This is kind of Young-Adult Fantasy Romance, where our two narrators are actually elves. Both of them are said to have great potential to either enhance or destroy their world, yet both have no control and no aptitude. They seem less than average and, among their own kind, almost lesser. But as one might imagine, this book delves into how this isn't exactly the case.
This book reminded me of how I feel when I read Garth Nix. The fantasy element is there, but it's how the world created by the author- no matter how wonderful and interesting- is something I can't grasp. I tend to feel that I'm thrown into something that I don't understand. Then, when I do learn something, I end up feeling more confused but just as out of place because I feel that I don't understand their world. It's not easy to explain, since it's just a feeling for the book, but I sit there and find myself reading merely hoping to understand something- anything- before its too late. For someone who likes if not needs are believable interesting world, this is something that (in my opinion) the book didn't seem to have. On the positive side, what I did see and understand was really marvellous. The trees and the lake were pristine in my mind's eye and the atmosphere was well done.
After the first section of the book (probably the first third) things started to make more sense. By this point I doubt I was completely engrossed or involved, but I was more interest by now. Seeing the attempts to train our pair- Krishani (the boy) and Kaliel (the girl)- and the results gave me a better idea of the characters than the pages I had read already. This was probably when I really saw the best parts of the book- especially Krishani's fight. I like the feeling of "I told you so" in that Krishani had warned his mentor what could happen. I think after good parts like these, by feelings towards the book improved and I enjoyed it more.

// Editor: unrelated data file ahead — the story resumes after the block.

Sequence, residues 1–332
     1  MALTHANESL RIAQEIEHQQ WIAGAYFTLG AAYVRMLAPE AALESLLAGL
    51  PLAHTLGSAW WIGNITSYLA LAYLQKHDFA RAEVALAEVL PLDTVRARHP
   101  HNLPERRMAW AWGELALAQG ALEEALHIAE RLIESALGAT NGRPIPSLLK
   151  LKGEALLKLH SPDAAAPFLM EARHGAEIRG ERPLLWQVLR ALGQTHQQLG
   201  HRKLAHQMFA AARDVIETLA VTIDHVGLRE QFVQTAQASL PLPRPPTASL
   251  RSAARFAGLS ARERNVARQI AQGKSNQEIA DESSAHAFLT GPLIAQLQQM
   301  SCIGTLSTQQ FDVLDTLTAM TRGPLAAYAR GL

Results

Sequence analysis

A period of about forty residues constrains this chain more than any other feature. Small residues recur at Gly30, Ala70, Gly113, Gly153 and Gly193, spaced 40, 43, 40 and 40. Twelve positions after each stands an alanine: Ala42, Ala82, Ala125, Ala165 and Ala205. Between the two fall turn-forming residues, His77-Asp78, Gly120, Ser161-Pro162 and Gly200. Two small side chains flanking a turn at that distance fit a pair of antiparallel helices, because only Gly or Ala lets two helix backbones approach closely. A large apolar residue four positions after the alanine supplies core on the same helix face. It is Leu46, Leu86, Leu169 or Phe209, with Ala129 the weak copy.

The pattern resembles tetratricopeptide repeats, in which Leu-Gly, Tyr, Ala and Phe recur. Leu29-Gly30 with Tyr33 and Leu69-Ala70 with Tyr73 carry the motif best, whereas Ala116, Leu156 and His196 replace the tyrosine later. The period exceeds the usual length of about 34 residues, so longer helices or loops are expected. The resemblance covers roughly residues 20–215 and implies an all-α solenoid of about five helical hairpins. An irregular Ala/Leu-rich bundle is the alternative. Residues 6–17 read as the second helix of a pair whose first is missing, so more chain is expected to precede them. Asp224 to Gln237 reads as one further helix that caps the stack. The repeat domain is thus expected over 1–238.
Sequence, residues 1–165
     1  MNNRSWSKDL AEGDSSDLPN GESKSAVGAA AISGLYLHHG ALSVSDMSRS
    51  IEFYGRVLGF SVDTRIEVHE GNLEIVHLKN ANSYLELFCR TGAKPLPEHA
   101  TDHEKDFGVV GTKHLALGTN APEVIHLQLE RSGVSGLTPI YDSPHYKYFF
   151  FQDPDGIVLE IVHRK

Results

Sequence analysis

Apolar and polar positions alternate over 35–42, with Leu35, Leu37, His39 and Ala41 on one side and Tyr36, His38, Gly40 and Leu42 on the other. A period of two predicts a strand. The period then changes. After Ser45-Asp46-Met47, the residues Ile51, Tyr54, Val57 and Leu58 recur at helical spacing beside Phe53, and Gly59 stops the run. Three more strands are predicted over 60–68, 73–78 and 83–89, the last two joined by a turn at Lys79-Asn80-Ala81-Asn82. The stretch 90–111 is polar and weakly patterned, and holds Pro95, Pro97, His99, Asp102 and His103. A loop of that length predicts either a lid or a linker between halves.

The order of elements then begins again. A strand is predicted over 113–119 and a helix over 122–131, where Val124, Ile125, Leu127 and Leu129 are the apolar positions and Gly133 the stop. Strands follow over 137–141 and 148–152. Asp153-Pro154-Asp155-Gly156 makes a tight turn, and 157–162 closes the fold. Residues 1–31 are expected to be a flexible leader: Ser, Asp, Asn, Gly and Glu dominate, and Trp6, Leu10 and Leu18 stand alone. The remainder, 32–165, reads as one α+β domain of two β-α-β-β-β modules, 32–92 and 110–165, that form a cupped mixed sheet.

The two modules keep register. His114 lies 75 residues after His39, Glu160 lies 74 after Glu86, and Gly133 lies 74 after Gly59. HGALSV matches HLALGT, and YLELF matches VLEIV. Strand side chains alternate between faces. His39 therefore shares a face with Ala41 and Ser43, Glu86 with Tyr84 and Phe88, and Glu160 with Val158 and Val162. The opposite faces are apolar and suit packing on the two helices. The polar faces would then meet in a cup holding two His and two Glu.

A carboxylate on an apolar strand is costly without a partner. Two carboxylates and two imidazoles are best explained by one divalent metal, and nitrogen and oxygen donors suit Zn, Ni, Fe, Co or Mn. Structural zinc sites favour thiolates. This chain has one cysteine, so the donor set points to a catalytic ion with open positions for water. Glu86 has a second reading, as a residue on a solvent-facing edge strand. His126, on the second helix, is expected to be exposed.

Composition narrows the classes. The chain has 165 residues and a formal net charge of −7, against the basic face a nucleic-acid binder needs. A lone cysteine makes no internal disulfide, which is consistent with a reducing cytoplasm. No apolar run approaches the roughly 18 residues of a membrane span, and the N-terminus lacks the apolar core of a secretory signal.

I kind of liked the romance too. In this world, Elves aren't taken with love as other creatures are. They dedicate themselves to the land and the universe, and any matrimony is at the whims of the land. So their love isn't forbidden, but it's unusual for it to happen. Most people just seem a bit sceptical, and argue that their duty is more important. I like this idea of their love- it isn't forbidden (because I think forbidden love is often unbelievable) but its treated with disbelieving delicacy. Krishani accepts that he is in love before Kaliel and is happy to tell her, but she- despite day dreams about him, and despite an obvious attraction to him- keeps turning him away. His undying yet unrequited love didn't bother me, but I feel it went on to long. As a reader, I can tell when something is going to happen and I get annoyed when it is constantly delayed. Another point is that at some times this love also seems a bit of obsessive.
The Flames were a nice touch. They, I think, represent a kind of open wilfulness and confidence and, for Kaliel, represent the opposite of what she thinks she should be. She wants to be loyal and dutiful, not carefree spirit of mirth. She also doesn't want to be special, but the Flames ("The jewels of the universe") are anything but that. I was perhaps bothered by the lack of display of this Flame power, since I like a bit of awe-inspiring demonstrations of potency, but I can't complain on this front.
One thing I really liked was the very last section of the book. The ending itself was much easier to read and it flowed smoothly and interestingly. There was also the first part of book two at the end and it's made me determined to read book two, merely because I want to know what's going to happen.
There are unanswered questions in this book, which bothered me. The fact that so much of this just didn't click for me is quite a personal thing, but I can see where the good parts of this book where and how I need to avoid focusing on the start which I didn't like, and the end which I did.